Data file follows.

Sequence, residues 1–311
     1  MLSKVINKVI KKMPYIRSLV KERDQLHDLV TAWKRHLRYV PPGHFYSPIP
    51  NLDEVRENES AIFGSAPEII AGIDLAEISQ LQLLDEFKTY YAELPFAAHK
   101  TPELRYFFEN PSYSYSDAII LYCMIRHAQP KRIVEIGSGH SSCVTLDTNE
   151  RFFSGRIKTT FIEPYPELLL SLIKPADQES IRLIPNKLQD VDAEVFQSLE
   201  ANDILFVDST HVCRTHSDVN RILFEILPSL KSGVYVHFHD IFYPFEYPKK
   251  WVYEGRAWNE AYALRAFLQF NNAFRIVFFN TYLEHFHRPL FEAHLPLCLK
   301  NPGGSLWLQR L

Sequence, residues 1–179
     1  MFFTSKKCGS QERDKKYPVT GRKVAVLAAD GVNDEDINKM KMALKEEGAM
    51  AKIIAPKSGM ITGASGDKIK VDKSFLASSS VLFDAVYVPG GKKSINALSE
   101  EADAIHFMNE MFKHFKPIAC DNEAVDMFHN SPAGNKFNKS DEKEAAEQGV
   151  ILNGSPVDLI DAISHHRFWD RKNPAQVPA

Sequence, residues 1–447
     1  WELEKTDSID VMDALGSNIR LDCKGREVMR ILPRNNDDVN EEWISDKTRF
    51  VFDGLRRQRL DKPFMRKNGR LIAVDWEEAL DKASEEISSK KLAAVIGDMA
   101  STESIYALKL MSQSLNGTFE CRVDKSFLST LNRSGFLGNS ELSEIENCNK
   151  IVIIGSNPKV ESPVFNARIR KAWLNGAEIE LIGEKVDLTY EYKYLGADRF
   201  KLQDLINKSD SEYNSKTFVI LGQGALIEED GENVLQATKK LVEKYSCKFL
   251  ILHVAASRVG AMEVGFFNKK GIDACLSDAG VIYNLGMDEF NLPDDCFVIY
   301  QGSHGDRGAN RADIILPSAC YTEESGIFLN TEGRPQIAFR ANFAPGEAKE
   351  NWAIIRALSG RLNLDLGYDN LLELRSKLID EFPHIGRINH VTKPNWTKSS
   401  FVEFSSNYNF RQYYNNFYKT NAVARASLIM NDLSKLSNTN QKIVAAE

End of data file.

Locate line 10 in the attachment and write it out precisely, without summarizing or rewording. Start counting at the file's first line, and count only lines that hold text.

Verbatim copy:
     1  MFFTSKKCGS QERDKKYPVT GRKVAVLAAD GVNDEDINKM KMALKEEGAM